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Voltage Plane Sequence Detect Circuit for TCPA Root-of-Trust-Measurement (RTM)

IP.com Disclosure Number: IPCOM000016003D
Original Publication Date: 2002-May-16
Included in the Prior Art Database: 2003-Jun-21
Document File: 2 page(s) / 69K

Publishing Venue

IBM

Abstract

In Client PCs based on the Trusted Computing Platform Alliance (TCPA) specification, trusted such as private keys, digital certificates, random number generation and protected storage is synchronized at power-up through the use of an immutable portion of BIOS initialization code that is called the Root-of-Trust Measurement or RTM. In PC Clients that implement power

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  Voltage Plane Sequence Detect Circuit for TCPA Root-of-Trust-Measurement (RTM)

In Client PCs based on the Trusted Computing Platform Alliance (TCPA) specification, trusted

such as private keys, digital certificates, random number generation and protected storage is

synchronized at power-up through the use of an immutable portion of BIOS initialization code

that is called the Root-of-Trust Measurement or RTM. In PC Clients that implement power

management techniques, the motherboard subsystems are usually isolated on unique voltage

plane islands that are powered up and down through a defined sequence of motherboard

voltage plane connections to the main power supply. In most cases a hardware controller

manages the activation of the voltage planes and this activity occurs prior to the RTM

initialization BIOS acquires control of the motherboard. This pre-RTM voltage bring-up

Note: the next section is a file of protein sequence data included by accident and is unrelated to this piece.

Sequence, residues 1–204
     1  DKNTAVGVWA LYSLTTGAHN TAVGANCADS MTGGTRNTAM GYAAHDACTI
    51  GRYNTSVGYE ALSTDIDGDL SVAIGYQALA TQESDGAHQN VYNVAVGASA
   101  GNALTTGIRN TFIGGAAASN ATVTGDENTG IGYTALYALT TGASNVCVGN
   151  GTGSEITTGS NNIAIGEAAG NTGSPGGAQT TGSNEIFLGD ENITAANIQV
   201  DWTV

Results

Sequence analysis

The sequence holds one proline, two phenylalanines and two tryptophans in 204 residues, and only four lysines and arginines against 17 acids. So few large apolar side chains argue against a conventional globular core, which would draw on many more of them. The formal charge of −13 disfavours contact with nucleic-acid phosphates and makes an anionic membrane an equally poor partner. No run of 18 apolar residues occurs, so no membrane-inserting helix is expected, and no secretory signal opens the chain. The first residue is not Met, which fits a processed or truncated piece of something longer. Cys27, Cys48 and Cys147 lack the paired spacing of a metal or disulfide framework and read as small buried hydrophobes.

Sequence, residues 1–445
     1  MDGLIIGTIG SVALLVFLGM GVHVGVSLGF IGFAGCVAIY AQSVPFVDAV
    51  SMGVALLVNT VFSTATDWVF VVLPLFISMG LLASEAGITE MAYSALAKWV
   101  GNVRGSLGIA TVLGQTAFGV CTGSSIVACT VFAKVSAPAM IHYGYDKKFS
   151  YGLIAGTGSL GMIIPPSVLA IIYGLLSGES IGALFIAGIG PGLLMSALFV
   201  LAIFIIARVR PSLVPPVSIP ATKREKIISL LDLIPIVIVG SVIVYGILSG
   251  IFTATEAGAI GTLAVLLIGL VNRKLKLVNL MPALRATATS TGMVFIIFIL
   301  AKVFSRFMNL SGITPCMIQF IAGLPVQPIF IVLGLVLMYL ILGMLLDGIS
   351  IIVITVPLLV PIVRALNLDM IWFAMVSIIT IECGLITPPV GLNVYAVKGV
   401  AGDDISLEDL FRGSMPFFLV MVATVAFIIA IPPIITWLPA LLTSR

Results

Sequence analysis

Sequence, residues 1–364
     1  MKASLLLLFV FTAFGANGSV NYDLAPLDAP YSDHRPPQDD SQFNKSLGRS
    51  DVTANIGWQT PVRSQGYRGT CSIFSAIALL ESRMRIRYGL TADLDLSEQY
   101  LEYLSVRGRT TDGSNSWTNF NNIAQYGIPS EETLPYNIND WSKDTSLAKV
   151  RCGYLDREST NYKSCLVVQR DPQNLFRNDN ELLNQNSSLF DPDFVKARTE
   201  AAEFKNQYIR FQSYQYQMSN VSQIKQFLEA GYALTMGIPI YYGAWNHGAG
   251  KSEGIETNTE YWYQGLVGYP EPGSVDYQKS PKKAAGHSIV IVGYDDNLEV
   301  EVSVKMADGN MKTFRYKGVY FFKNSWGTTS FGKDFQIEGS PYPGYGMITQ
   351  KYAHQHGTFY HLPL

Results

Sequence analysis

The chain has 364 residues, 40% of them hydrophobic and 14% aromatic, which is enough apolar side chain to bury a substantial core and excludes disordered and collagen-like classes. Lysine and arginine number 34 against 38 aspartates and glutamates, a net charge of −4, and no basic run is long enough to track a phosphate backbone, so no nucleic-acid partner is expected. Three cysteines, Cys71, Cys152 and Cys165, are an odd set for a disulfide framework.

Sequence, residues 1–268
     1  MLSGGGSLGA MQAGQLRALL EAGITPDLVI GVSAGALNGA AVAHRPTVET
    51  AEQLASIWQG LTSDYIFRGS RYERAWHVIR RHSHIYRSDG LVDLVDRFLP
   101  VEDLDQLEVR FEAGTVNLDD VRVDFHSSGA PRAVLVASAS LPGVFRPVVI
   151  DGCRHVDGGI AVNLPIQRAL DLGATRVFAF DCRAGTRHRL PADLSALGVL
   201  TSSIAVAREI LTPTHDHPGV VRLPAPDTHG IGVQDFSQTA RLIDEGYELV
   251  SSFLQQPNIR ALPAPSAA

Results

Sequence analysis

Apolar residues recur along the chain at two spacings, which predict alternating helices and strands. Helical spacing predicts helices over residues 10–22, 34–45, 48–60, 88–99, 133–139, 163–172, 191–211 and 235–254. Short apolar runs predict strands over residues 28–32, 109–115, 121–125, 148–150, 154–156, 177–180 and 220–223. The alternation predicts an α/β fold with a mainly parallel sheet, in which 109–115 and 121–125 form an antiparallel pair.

could be used to corrupt the establishment of the RTM synchronization of the PC Client.

The problem solved by the circuit is to provide the RTM a measurable hardware bit that if asserted indicates that the motherboard voltage plane islands where powered up in the correct sequence defined by the motherboard manufacturer and prevent hacker attacks that would circumvent this sequence and possibly insert bogus code prior to initialization, for example.

The circuit consists of a group of Set/Reset Latches that reside in the Power Management enabled Power Supply subsystem. The latches are powered by the Power Supply subsystem and are reset by the reset cycle within this subsystem. The output of the latches, one for each island voltage plane to be monitored on the motherboard, are connected to an AND gate whose output is called "Sequence Correct" bit. Each Latch set input is connected to NAND gate that resides in the island voltage planes to be monitored for the correct motherboard manufacturer defined sequence of motherboard voltage plane connections power up routine. The NAND gates two inputs are driven by pull-up resistors. The first pull-up resistor located in the same voltage plane island as the NAND gate (P n-1) and asserts the NAND gate input high when power comes on. The second NAND gate input pull-up resistor resides in the next voltage plane island (P n) and is connected to an open collector driver (shown as a transistor on the Figure) that resides in the third next voltage plane island (P n+1). The open collector driver input is connected to a third pull up resistor that resides in the third...